Localism Bill

Memorandum submitted by the British and Irish Ombudsman Association (L 140)

The Localism Bill

Evidence to the Bill Committee

1. Summary

I am writing on behalf of the British and Irish Ombudsman Association (BIOA), the body which promotes and safeguards the Ombudsman institution in the UK and the Republic of Ireland. I am writing in respect of the Localism Bill which was presented to Parliament on 13 December and which is now undergoing its Committee stage in the House of Commons.

We have some serious concerns about provisions in the Bill relating to proposed changes to the Housing Ombudsman Service (HOS) and to the Local Government Ombudsman (LGO), both of which are full members of BIOA and currently accord fully with the criteria for the recognition of Ombudsman schemes. We wish to bring these concerns (shown below) to the attention of the Bill Committee as written evidence.

2. The ‘democratic filter’ for housing complaints

Public service ombudsmen form an integral part of the administrative justice system and it is essential that citizens’ access to justice should be unfettered. Any restriction on access is counter to the principles upon which the ombudsman institution is founded. The office of Ombudsman was developed in order to enable citizens to have independent and objective consideration of their complaints. There is unhindered access to public service ombudsmen throughout Europe with the sole exception of the UK, and indeed, in the UK, there is direct access to the Health and Local Government Ombudsmen in England, the Public Service Ombudsmen in Scotland and Wales and legislation is currently being considered in Northern Ireland to remove the MLA filter.

However, we believe that the proposal as currently drafted is a retrograde step and would reduce the access of citizens to justice. We fully support, as do all Ombudsmen, the role of MPs and Councillors in advocating on behalf of their constituents, making complaints on their behalf and contributing to local resolution. The involvement of tenants’ panels locally also has the potential to promote improved learning from complaints.

It is important to stress that all public services ombudsmen actively promote local resolution. The Local Government Ombudsman’s "Council First" initiative is mirrored in the work of all other schemes, and in all but the most exceptional circumstances, complainants are strongly encouraged to give the body subject to the complaint the opportunity to resolve it before an ombudsman will commence an investigation.

In summary, we believe that restricting access to ombudsmen by the introduction of a filtering scheme would undermine the rights of the citizen and would not in practice achieve more local resolution of complaints.

3. Binding powers

We also have concerns about the possible introduction of binding powers for Ombudsmen, The public service ombudsman institution in the UK has operated entirely successfully without binding powers up to now. There are only a tiny number of cases where bodies in jurisdiction have failed to implement recommendations and the ability of ombudsman schemes to publish reports publicly highlighting non-compliance is a powerful persuasive measure.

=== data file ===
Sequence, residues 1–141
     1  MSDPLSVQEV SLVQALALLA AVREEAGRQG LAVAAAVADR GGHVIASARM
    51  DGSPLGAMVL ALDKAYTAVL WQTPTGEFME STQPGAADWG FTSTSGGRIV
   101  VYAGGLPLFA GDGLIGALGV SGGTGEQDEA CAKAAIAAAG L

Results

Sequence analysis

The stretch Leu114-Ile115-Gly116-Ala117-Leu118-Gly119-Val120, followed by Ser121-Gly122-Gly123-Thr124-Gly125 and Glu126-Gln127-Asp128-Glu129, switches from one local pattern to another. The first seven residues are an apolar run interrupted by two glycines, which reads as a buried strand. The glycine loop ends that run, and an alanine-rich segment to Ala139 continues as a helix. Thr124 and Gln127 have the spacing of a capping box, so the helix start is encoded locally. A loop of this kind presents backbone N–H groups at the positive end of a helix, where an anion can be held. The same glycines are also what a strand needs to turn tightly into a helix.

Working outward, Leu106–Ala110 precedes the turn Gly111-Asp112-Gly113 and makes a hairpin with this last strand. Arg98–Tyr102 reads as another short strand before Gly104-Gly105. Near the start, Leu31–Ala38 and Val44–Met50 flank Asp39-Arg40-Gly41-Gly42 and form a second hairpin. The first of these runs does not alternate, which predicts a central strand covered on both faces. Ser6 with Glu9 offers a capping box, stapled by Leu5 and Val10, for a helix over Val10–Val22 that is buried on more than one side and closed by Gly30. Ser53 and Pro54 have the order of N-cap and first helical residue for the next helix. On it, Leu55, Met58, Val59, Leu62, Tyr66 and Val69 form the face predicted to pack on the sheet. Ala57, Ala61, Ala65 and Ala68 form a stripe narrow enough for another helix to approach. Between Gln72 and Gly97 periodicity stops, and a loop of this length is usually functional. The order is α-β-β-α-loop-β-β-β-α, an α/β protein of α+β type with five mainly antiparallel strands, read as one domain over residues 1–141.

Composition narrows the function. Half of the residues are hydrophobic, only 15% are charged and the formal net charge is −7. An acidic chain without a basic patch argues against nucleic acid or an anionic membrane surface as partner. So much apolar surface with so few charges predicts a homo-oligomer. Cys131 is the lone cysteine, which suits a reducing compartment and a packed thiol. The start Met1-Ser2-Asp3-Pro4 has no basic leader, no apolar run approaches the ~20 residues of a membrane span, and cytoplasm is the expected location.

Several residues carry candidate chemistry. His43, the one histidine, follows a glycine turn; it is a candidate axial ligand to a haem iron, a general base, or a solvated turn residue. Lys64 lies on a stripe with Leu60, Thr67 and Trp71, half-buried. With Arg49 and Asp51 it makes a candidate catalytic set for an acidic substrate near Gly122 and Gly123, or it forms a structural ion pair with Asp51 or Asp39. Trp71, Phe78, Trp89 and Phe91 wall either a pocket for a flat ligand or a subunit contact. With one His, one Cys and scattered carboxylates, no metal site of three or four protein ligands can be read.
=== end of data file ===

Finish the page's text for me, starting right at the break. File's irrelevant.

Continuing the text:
In some instances, the findings of Ombudsmen are regarded as binding, and only susceptible to challenge through judicial review. This has been confirmed by the courts in respect of the Local Government Ombudsman, for example. This reflects the role of ombudsmen as part of the administrative justice system.

Recommendations, however, are a matter for the body in jurisdiction to consider and to respond as they see fit, but usually within a clear democratic mandate. Thus, for example, the recommendations of the Parliamentary Ombudsman are considered by Her Majesty’s Government and scrutinised by Parliament.

The nature of the relationship between ombudsmen and bodies in jurisdiction would be markedly changed by the introduction of binding powers, as the Bill proposes for the Housing Ombudsman Service. An inquisitorial approach would be replaced by an adversarial one; persuasion would be replaced by costly litigation. It is likely that there would be many more instances of bodies seeking to judicially review the decisions of ombudsmen. The role of Parliament and local authorities would, in part, be transferred to the courts. BIOA does not believe that this is a desirable development.

Finally, such a move would effectively prevent public service ombudsmen from conducting joint investigations, as joint recommendations, which are currently both possible and desirable, would be precluded as it would be necessary to produce separate recommendations stating which are binding and which not. Ultimately, this will lead to separate investigations and an end to the current arrangements.

4. The ‘one-stop shop’

We have some concerns about the practicalities of transferring all social housing complaints to HOS, principally in that this could adversely affect the one-stop shop approach to local government complaints.

5. Conclusion

BIOA’s view is that the potentially adverse impacts of the measures proposed are not offset by likely improvements. In practice, the greater involvement of tenant and elected representatives in complaints can be achieved within the context of the landlords’ complaints mechanisms, and without restricting access to ombudsmen. Indeed, many complainants are already effectively supported by their MPs and councillors in resolving their concerns. Similarly, the evidence strongly suggests that there is no need to introduce binding decisions, as almost all recommendations are implemented in practice, and the changed nature of the relationship between an ombudsman and bodies in jurisdiction would have many adverse impacts.

We would be happy to provide more information if required or to explain our concerns in person to the Committee.

February 2011